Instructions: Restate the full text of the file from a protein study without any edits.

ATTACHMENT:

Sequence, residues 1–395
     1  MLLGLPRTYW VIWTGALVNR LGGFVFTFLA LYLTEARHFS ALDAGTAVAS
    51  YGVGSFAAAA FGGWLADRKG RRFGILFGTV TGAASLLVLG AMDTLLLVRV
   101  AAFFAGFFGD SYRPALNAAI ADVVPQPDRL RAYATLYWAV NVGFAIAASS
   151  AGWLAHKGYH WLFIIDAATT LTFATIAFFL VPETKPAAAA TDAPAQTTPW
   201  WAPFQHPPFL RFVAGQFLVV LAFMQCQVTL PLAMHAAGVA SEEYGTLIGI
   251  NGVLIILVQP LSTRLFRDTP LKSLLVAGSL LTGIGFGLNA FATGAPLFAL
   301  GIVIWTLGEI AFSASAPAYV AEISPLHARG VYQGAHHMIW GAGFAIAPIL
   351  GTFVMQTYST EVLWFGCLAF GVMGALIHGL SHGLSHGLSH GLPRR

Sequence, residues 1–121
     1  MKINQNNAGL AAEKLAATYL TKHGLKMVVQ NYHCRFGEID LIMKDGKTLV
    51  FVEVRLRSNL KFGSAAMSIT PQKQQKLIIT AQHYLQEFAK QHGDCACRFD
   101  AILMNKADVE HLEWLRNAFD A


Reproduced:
Sequence, residues 1–395
     1  MLLGLPRTYW VIWTGALVNR LGGFVFTFLA LYLTEARHFS ALDAGTAVAS
    51  YGVGSFAAAA FGGWLADRKG RRFGILFGTV TGAASLLVLG AMDTLLLVRV
   101  AAFFAGFFGD SYRPALNAAI ADVVPQPDRL RAYATLYWAV NVGFAIAASS
   151  AGWLAHKGYH WLFIIDAATT LTFATIAFFL VPETKPAAAA TDAPAQTTPW
   201  WAPFQHPPFL RFVAGQFLVV LAFMQCQVTL PLAMHAAGVA SEEYGTLIGI
   251  NGVLIILVQP LSTRLFRDTP LKSLLVAGSL LTGIGFGLNA FATGAPLFAL
   301  GIVIWTLGEI AFSASAPAYV AEISPLHARG VYQGAHHMIW GAGFAIAPIL
   351  GTFVMQTYST EVLWFGCLAF GVMGALIHGL SHGLSHGLSH GLPRR

Sequence, residues 1–121
     1  MKINQNNAGL AAEKLAATYL TKHGLKMVVQ NYHCRFGEID LIMKDGKTLV
    51  FVEVRLRSNL KFGSAAMSIT PQKQQKLIIT AQHYLQEFAK QHGDCACRFD
   101  AILMNKADVE HLEWLRNAFD A